Location: St Thomas, US Virgin Islands
22,573 posts, read 27,328,943 times
Reputation: 23162
Amazing that the one negative input comes from the professional "employment counselor" who's about to be laid off once again. Yes, oh great guru, this is a job which YOU would pass on without hesitation because you can't even figure out how to catch a morning train for a 10 minute commute without creating a forum thread about it.

Hope everything works out for you, Wartrace. I did a 45 mile each way commute for a couple of years and it really wasn't that bad after a while. I had animals at home too (a dog and a couple of cats) but they adapted to the schedule!
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Old 10-23-2011, 02:41 PM
 
Location: Wartrace,TN
2,466 posts, read 2,738,488 times
Reputation: 4250
Quote:
Originally Posted by Yzette View Post
Is it the kind of job where you could telecommute for part of the week?
It is a job that could be done remotely on occasion but I have to feel them out on how comfortable they would be with it.
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Old 10-23-2011, 02:45 PM
FBJ
 
Location: Tall Building down by the river
35,302 posts, read 24,576,229 times
Reputation: 7971
Quote:
Originally Posted by STT Resident View Post
Amazing that the one negative input comes from the professional "employment counselor" who's about to be laid off once again. Yes, oh great guru, this is a job which YOU would pass on without hesitation because you can't even figure out how to catch a morning train for a 10 minute commute without creating a forum thread about it.

Hope everything works out for you, Wartrace. I did a 45 mile each way commute for a couple of years and it really wasn't that bad after a while. I had animals at home too (a dog and a couple of cats) but they adapted to the schedule!
When you did you 45 mile commute that was 50 years ago so times have changed.
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Old 10-23-2011, 02:48 PM
 
Location: Wartrace,TN
2,466 posts, read 2,738,488 times
Reputation: 4250
Quote:
Originally Posted by MaryleeII View Post
Take the job.

I took a similar job my first job out of college, it was about a 50-mile trip one way. It took about 2.5 hours each way, and gas was at a then all time high. I lived at home with my parents so expenses were flexible.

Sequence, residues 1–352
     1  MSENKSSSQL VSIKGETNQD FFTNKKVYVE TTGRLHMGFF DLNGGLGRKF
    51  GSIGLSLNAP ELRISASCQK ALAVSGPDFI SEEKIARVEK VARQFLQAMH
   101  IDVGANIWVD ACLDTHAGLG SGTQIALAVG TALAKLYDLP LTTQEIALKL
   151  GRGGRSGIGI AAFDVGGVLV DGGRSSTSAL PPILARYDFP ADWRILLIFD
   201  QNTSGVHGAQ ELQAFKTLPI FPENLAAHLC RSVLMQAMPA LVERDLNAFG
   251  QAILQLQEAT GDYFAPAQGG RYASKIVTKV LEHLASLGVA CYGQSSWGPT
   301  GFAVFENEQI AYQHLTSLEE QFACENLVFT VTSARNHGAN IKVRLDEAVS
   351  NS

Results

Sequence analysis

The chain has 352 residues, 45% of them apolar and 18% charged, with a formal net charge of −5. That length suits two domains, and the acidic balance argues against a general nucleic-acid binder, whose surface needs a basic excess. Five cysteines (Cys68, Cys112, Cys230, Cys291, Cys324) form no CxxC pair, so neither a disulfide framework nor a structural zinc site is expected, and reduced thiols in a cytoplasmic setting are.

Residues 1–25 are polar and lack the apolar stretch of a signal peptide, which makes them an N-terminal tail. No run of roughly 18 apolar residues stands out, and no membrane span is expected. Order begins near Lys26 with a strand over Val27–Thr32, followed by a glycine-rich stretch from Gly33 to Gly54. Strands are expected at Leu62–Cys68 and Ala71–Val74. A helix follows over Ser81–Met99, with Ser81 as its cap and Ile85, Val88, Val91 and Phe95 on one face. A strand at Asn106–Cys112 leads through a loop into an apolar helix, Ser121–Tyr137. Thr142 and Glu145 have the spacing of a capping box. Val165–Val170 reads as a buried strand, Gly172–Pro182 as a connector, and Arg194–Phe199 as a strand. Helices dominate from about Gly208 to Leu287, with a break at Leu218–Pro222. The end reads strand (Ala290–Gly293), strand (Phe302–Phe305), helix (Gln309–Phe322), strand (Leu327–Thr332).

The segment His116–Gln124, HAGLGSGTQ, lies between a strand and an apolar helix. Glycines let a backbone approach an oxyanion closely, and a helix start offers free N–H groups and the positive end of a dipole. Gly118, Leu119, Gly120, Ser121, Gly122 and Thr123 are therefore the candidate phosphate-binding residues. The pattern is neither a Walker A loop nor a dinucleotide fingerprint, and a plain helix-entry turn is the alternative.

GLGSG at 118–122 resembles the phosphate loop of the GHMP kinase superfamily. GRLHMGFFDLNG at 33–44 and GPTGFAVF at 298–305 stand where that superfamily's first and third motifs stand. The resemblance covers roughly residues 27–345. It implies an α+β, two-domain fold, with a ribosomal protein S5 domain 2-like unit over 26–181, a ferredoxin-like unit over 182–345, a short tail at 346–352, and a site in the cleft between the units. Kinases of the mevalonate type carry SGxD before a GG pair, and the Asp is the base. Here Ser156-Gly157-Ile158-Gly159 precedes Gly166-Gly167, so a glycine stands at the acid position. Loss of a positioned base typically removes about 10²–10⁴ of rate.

I took the job to get going. I got sick of hearing no experience---no job. I considered it sort of a paid internship. within 6 months I got another offer 3 miles from home---it paid off!

One thing, they will be leary of you doing just that---ditching the job for one closer. They kept asking me if I planned to move closer to them. Just string them along, say something to the effect of you would consider moving closer to the job, but most landlords want to see one year employment before renting. that usually satisfies most nosy inquiries. Whatever you do, DON'T say your home is paid for, you can't sell it due to the market, blah, blah, its none of thier business.

You might want to consider either renting a room near the job, or small apt. Or at least scope out nearby hotels and travel with an overnight bag in case of bad weather, etc.And do make sure to get roadside assistance with a good towing package, you never know being on the road that much. and keep your car on a strict maintenance schedule.

Consider this job to be a break-even or even a loss financially just to get you on track. Or, who knows, you might like the job enough to move there! You could rent out your home and rent something in the job location---but you have your dogs---well, keep your eyes open, something might come up.

Just don't turn this job down, it might not provide money, but gives you the experience you need. Good luck
That's what I am running into, lack of experience. If I look at it the way you suggest, as "tuition" it does seem worthwhile. I am hoping that since this is a smaller business they will allow me to be flexible during weather events. (People in Nashville don't do snow very well)
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Old 10-23-2011, 02:56 PM
 
Location: St Thomas, US Virgin Islands
22,573 posts, read 27,328,943 times
Reputation: 23162
Quote:
Originally Posted by TVandSportsGuy View Post
When you did you 45 mile commute that was 50 years ago so times have changed.
Indeed. The buggy made for rough riding and the turnover of horses was pretty high.